25% of South Africa's Black rhinos and 20% of White rhinos reside on state, private and community-owned game reserves in KwaZulu-Natal. Faced by a rapid increase in poaching threats and realising that effectiveness lay in working together, the province's leading conservation organizations -- including Ezemvelo KZN Wildlife, privately-owned reserves such as Thanda Game Reserve and top conservation NGOs -- joined forces last year to form Project Rhino KZN.The group works cooperatively to improve anti-poaching responses, share information and intelligence across large geographic areas, increase community knowledge of the value of rhinos -- tourism value as well as job creation - and raise funds for priority anti-poaching and rhino conservation strategies. All the members have experienced losing rhinos to sophisticated poaching networks that operate from community level and up to the faceless buyers at the top of rhino poaching crime syndicates operating within South Africa. With rhino horn fetching up to US$60,000/Kg (R480,000/Kg) in Asia, and poachers earning as much as R240,000 (US$30,000) for a successful nights' work, the temptation is high.Anti-poaching work across all 16 organisations runs into millions of Rands and Project Rhino KZN is actively seeking support from business, donors and the public to help us protect more than 500 rhino in our care.Cameron Pet Foods has signed an agreement with Project Rhino KZN that will see R2.00 from every bag of the company's dog food sold through retailers, pet stores, co-ops and Veterinary clinics nationwide being donated to Project Rhino KZN's AerialSurveillance and Security programme. Through this year-long partnership, pet owners around the country will be contributing over R500,000.00 directly to fighting the rhino crisis.Reitz du Toit (MD) and Anire van der Walt (Marketing Director) and the African Conservation Trust's Skydive for Rhinos team were invited to participate in a rhino darting and micro-chipping experience at Thanda Private Game Reserve in June 2012. The rhinos filmed in this video were both fitted with a foot collar and a micro-chip in their neck for tracking purposes on top of being ear-notched for physical identification. DNA samples were also taken (blood, skin and hair): these samples, as well as the micro-chips inserted into the horn, are used in investigations in the event of a poaching incident. This was a once in a life time experience. One the one hand, not many people have the opportunity to get so close to one of Africa's most magnificent creatures -- to touch them, feel their bodies breathing beneath your palms, hear them snort as they're 'chipped and sampled' and watch their ears twitch at the muffled sounds around them. On the other, you begin to realise the hard work, time and effort that goes into protecting these animals. Darting a rhino is no easy feat and can be traumatic for the animal -- but we are facing a crisis and all must be done to protect them.Only united will we be able to stop the scourge of poaching in South Africa.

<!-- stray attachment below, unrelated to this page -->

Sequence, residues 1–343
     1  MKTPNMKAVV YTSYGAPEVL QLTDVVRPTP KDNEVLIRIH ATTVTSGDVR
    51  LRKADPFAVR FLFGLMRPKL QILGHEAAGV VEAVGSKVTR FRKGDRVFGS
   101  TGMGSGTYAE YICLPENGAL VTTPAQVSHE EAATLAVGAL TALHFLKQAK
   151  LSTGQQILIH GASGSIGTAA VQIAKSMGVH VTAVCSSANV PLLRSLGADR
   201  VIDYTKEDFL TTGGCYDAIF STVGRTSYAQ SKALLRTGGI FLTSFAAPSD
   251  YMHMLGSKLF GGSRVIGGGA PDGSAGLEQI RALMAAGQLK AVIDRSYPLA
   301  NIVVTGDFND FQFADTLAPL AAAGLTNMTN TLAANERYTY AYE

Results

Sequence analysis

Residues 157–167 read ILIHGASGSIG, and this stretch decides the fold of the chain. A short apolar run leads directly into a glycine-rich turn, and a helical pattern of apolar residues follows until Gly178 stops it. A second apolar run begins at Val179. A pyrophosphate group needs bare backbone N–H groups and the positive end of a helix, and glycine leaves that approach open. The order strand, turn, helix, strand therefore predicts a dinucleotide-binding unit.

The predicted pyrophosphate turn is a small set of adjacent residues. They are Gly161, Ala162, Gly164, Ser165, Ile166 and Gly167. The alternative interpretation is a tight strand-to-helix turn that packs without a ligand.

Are you willing to unite?
To donate to Project Rhino KZN via GivenGain: givengain.com/cause/3213/projects/Project
Skydive for Rhinos:
Contact:Sheelagh Antrobus (Skydive for Rhinos and Project Rhino KZN Secretariat):
Tel: +27 33 342 284